[Mx-mailing-list] MX 1.2.0 is available
lavender at agni.phys.iit.edu
Mon Mar 20 11:24:06 CST 2006
Versions 1.2.0 of MX, MP, and MxTcl are now available at the MX web site from
the download page
The primary feature of this release is the addition of support for running on
64-bit operating systems. As part of this, old MX databases must be changed
to replace references to 'int' variables with references to 'bool' and 'long'
variables. Read the changelogs below for more information.
**************** Changelog for MX version 1.2.0 ****************
Version 1.2.0 (03/17/06):
The focus of this release has been the addition of support for 64-bit
operating systems. 64-bit operation has been successfully tested
on the following platforms:
alpha (Debian Linux 3.1, Tru64 Unix 5.1b, OpenVMS 8.2)
amd64 (Red Hat Enterprise Linux 3, SuSE Enterprise Server 9.0)
itanium (Debian Linux 3.1, Red Hat Enterprise Linux 4,
FreeBSD 6.0, HP-UX 11, OpenVMS 8.2)
mips (Irix 6.5)
parisc (HP-UX 11)
sparc (Solaris 10)
Interoperability between 64-bit and 32-bit clients and servers
has also been successfully tested. Please note that on platforms
that support both 32-bit and 64-bit executables, you must uncomment
the makefile macro USE_64_BITS in the appropriate Makehead.???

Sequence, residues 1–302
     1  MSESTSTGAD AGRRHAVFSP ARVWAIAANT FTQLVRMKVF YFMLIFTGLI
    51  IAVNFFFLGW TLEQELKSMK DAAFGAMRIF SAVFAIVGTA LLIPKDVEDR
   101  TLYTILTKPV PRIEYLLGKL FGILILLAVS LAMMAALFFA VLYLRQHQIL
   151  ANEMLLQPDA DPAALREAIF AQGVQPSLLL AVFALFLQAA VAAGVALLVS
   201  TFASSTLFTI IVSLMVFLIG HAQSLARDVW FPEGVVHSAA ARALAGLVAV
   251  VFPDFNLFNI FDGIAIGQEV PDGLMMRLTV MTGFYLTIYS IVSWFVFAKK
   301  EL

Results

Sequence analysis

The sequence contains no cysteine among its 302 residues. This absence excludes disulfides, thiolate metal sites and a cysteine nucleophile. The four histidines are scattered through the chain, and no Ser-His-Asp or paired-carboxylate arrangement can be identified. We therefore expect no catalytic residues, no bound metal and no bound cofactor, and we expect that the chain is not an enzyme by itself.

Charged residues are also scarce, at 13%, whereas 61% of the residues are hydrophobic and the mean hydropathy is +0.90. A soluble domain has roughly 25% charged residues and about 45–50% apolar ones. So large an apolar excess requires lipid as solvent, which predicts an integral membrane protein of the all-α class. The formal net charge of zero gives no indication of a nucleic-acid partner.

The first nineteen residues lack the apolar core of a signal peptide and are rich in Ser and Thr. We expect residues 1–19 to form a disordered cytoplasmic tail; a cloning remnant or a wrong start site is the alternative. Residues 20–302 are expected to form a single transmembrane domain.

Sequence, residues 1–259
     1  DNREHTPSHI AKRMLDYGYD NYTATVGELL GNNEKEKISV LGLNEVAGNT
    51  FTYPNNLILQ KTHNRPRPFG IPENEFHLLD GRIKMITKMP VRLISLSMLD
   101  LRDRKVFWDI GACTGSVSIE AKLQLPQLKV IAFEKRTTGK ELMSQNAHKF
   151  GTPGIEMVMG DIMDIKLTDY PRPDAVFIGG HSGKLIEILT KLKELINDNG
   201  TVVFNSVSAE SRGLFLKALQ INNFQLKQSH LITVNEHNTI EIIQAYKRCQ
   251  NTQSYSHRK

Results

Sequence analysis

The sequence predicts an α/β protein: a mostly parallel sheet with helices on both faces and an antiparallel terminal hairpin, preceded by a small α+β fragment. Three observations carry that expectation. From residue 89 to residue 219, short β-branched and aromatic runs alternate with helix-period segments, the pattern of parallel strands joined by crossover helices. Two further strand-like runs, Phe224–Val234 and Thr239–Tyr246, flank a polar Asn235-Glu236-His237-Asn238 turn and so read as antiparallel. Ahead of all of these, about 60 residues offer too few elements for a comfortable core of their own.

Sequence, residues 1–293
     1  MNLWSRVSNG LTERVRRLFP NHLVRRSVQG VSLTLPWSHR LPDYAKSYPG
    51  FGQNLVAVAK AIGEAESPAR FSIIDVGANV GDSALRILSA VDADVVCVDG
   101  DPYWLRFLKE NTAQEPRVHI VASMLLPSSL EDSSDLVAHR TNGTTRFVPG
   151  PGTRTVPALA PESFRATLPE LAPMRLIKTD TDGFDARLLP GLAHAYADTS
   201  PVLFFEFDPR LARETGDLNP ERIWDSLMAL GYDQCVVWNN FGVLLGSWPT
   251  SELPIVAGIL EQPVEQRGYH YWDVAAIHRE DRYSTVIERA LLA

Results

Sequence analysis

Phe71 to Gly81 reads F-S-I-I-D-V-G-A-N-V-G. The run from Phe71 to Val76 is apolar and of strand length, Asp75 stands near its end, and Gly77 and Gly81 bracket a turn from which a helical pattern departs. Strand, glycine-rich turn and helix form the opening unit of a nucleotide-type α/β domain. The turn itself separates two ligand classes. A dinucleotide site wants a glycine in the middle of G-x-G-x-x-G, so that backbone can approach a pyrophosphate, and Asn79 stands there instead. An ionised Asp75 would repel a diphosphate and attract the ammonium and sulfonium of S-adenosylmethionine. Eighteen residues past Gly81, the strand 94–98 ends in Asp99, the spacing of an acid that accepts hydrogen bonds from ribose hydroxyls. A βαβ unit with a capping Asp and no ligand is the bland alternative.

file in order to compile a 64-bit binary.
As part of this change, new MX data types have been added and
some old data types have been removed.
Data types added:
MXFT_BOOL - Intended for boolean values (TRUE/FALSE).
Data types removed:
For network communication, the old data types should be changed
to the new data types as follows:
MXFT_INT ----+----> MXFT_BOOL (for TRUE/FALSE values)
+----> MXFT_LONG (for all other 32-bit values)
MXFT_UINT ---------> MXFT_ULONG
Similarly, for MX database files, the following changes should
int --------+----> bool
uint -------------> ulong
net_int ----+----> net_bool
net_uint ---------> net_ulong
For example, a database definition like this
id_ev_enabled variable net_variable net_int "" "" 10id id_ev_enabled.value 1 1 1
would be changed to look like this
id_ev_enabled variable net_variable net_bool "" "" 10id id_ev_enabled.value 1 1 1
By contrast, a database definition like this
id_ev_type variable inline int "" "" 1 1 3
should be changed to look like this
id_ev_type variable inline long "" "" 1 1 3
The general pattern is that you should replace TRUE/FALSE variables
with 'bool' variables and everything else with 'long' variables.